Very nice amp, I remember seeing one of those years back. Magnavox-era Philips design, made in Japan but likely not by Marantz.
  11. chicks

    chicks Well-Known Member

    I built some speakers way back in the late '60's - early '70's using Philips drivers, IIRC a 1" dome and an 8" mid/woofer.

    Only current Philips product is one of their earliest CDP's. Still works flawlessly.

  12. ebacon

    ebacon AK Subscriber Subscriber

    I briefly owned a Philips PC sound card a little over ten years ago. The software was buggy as hell so I changed to a Creative Labs SoundBlaster.
  13. Arkay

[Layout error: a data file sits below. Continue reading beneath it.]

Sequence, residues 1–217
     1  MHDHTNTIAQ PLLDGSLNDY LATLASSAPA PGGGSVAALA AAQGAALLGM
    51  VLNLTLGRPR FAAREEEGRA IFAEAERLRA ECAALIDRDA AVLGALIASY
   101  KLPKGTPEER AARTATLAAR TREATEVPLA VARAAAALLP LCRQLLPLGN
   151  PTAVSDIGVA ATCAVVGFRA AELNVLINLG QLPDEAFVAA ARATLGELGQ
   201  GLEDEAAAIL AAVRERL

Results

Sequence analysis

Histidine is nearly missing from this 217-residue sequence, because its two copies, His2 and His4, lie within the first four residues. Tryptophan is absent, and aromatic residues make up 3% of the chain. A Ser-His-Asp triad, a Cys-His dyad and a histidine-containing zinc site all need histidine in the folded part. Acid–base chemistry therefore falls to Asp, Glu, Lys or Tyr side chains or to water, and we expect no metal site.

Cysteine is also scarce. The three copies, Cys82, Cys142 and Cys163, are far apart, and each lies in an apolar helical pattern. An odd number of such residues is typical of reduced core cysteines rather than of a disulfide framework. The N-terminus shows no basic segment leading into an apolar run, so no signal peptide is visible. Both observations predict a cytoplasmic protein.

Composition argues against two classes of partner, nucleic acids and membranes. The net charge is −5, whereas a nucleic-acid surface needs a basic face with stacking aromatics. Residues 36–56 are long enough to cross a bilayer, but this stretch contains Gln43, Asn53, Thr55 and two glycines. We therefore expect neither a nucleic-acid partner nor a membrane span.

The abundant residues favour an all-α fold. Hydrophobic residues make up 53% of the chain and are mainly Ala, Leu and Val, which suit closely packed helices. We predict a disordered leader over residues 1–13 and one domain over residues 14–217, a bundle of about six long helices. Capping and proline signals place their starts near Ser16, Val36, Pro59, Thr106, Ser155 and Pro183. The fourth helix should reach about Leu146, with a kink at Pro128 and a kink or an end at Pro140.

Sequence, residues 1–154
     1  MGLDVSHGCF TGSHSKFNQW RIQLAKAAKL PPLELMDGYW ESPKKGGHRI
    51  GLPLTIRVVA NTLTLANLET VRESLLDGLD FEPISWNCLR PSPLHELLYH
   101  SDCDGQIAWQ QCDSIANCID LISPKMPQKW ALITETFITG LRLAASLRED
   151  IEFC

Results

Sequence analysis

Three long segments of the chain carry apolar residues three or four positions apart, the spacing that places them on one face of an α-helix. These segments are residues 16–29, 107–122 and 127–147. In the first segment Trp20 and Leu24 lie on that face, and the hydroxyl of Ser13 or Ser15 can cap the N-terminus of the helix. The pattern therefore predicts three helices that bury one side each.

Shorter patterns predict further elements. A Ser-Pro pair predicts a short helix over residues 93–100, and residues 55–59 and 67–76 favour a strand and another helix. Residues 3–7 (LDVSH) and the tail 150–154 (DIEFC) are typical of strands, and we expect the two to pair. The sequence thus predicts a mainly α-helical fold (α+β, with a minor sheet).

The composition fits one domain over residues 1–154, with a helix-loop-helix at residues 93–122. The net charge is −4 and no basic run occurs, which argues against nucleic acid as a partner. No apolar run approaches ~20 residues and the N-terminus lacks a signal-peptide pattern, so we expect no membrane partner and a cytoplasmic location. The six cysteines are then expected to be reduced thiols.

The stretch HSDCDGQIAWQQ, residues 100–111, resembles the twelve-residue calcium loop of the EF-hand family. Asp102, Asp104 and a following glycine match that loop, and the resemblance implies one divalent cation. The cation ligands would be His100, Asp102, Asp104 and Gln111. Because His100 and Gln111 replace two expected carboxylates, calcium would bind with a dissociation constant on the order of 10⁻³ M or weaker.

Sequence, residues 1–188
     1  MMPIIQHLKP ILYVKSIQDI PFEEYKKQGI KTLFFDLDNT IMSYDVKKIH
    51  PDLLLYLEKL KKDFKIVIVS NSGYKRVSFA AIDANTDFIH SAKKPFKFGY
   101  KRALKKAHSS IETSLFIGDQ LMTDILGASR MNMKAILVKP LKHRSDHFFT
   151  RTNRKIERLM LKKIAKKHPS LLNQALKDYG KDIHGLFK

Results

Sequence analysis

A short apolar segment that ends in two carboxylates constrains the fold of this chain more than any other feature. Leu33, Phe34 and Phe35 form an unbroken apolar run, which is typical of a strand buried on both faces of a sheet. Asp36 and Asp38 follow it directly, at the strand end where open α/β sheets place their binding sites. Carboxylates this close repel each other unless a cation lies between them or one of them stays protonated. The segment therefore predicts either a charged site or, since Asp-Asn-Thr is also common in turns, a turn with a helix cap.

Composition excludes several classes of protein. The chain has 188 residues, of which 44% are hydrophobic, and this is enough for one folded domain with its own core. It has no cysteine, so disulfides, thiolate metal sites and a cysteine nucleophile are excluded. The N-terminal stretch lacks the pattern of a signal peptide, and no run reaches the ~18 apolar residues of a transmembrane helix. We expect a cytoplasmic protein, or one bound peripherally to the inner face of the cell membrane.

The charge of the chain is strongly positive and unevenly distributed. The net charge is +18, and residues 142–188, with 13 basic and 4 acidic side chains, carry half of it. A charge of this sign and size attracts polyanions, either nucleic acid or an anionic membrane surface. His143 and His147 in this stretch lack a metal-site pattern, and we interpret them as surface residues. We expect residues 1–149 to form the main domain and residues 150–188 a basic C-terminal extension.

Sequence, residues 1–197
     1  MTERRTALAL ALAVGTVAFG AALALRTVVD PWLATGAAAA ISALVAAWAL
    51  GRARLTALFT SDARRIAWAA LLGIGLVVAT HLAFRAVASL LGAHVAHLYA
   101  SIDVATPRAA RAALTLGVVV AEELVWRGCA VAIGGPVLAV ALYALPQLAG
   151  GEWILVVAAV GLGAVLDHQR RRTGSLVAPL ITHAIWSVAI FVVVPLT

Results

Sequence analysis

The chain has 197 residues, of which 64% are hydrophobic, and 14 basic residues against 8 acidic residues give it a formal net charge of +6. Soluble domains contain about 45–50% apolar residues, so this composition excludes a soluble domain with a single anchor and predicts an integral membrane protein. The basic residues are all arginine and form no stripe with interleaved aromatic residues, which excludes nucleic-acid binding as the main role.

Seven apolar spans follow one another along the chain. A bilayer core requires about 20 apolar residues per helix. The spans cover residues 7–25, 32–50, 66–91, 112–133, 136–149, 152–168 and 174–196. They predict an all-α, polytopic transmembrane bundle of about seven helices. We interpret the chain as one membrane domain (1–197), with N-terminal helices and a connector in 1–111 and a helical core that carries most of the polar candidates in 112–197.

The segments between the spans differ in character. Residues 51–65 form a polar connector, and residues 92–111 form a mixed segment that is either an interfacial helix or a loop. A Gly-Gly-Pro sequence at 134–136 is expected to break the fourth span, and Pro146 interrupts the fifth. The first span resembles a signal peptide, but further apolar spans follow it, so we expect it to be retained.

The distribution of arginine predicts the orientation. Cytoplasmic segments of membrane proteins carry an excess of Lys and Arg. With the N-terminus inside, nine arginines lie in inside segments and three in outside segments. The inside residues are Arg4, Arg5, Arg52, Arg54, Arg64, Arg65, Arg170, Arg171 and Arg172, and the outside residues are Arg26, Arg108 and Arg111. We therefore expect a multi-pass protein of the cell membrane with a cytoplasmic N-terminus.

Arkay New Member

    I have a 54" Phillips Plasma TV on in the room as I'm typing this. It works great! These models were a little more expensive than some when they first came out, but were known for picture quality. The built-in sound isn't bad for TV sound, either (although I use other devices for better sound quality, as most people do). They sold well enough initially, but I don't think they kept up with the competitors like Samsung when it came to lowering prices, though, and over time became marginalized.

    Years ago, a similar thing happened with CD players. Phillips had some of the best CD drives ever made for a few years --some of them were OEM'd into some big-bucks name-brand hi fi units-- but after a while they lost the edge to competitors making larger numbers of cheaper units. I have one of those CD players, and it still sounds good. Also a DCC player that likewise works (when I can be bothered to use it; too few tapes to make much use of it! LOL).